When we ignore those in need, we are no better than the priest who walked all the way around the injured man. Everything we do on this earth is meant to honor Christ. Sitting silent when someone is hurting doesn’t. Being kind like Christ takes boldness and courage, because it isn’t always going to be an acceptable move by society’s standards.
We live in a world hyper-focused on what people can do for us …but it’s backwards. We sing, “all we need is love,” but we’re not a loving society. Love isn’t everyone getting what they want or deserve. It’s literally engaged in looking for those who need us to DO something for them. The reciprocity of love isn’t self-focused, it’s them-focused.
“Do this.” (Luke 10:28 NLT)
Don’t just sit there.
“Go and do the same.” (Luke 10:37b)
Make a radical move.
Let it Go …All of it.
Posted on August 7, 2019
When I’m tempted to wallow in the “nobody knows the trouble I’ve seen” soundtrack of a suffered season …Psalms. Because the first thing I don’t feel like doing when I’m sad, angry or anxious isn’t what these profound words of wisdom instruct me to do. “It is good to give thanks to the LORD,” Psalm 92:1 says, “to sing praises to the Most High.” (NLT)
Flipping through a rolodex of the last month’s gut punches, I don’t want to sing. I’m thankful for the obligatory things …my home, health, family, talents, children, friends and God’s provision. There’s nothing earth shattering falling out of the bottom of my life. But occasionally a million little aggravations collide into a big burst of soul-stripping tears. Still, Psalm 7:17 instructs: “I will thank the LORD because he is just; I will sing praise to the name of the LORD Most High.” (NLT)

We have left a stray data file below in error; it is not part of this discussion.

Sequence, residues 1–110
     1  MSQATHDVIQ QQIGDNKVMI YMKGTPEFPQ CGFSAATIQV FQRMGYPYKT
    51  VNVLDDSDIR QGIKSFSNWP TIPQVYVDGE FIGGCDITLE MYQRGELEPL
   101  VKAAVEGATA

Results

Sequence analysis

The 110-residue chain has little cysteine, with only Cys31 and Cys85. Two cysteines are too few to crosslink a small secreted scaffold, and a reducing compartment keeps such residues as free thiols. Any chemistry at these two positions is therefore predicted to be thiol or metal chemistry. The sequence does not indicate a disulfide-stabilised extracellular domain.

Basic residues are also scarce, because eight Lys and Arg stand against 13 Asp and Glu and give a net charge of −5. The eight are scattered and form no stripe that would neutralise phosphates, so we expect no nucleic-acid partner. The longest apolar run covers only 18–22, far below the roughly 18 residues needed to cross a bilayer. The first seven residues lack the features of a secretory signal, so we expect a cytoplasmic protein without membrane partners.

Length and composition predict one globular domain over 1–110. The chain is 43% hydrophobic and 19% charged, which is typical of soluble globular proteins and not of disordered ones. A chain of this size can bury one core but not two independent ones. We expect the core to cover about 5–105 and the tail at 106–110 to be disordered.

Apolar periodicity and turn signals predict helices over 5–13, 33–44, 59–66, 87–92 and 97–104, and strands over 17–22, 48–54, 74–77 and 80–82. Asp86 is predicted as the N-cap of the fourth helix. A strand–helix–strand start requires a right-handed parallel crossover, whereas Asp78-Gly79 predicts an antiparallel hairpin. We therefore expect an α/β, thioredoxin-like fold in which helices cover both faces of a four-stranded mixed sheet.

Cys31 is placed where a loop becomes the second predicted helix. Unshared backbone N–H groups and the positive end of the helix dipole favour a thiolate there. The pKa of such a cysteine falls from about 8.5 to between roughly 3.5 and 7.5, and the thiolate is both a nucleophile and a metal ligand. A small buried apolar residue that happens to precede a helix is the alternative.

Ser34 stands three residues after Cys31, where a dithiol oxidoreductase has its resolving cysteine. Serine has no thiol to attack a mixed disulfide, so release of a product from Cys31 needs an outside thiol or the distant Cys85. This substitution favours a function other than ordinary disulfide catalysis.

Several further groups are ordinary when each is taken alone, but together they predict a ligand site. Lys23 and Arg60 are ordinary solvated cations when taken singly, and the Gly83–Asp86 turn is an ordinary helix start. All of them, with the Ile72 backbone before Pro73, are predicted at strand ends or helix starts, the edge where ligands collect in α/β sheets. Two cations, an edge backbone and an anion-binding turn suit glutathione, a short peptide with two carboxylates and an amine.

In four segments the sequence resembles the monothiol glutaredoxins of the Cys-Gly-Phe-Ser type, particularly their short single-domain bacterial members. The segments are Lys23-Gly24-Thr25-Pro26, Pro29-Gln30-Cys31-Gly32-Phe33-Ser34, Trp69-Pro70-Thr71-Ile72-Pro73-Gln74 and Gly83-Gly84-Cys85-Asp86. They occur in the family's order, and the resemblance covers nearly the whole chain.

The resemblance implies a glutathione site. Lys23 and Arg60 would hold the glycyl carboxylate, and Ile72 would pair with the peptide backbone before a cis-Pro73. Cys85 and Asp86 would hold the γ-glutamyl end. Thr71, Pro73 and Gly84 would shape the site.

“After Jesus was baptized by John,” a pastor at our church faithfully reminded me the day I was baptized, “Jesus was tempted in the desert for forty days.”
“Crap,” was my first thought. CRAP. Over the next few weeks I started to feel like Psalm 3:7 …“Arise, O LORD! Rescue me, my God! Slap all my enemies in the face! Shatter the teeth of the wicked!” (NLT)
And then God asked me if I was willing to put reconciliation in His hands. Not just any reconciliation. One that had already rocked me, and my entire family, to the core. My answer was a resounding, “NO.” I didn’t want to. I’m down with heartfelt apologies. Reach as far back as you want to, God. And forgiveness? Forgiveness is a given. No apology needed. I got that memo. It’s an automatic process every Christian is wise to begin immediately after any hurt or heartbreak to prevent the root of bitterness from having babies all over our souls.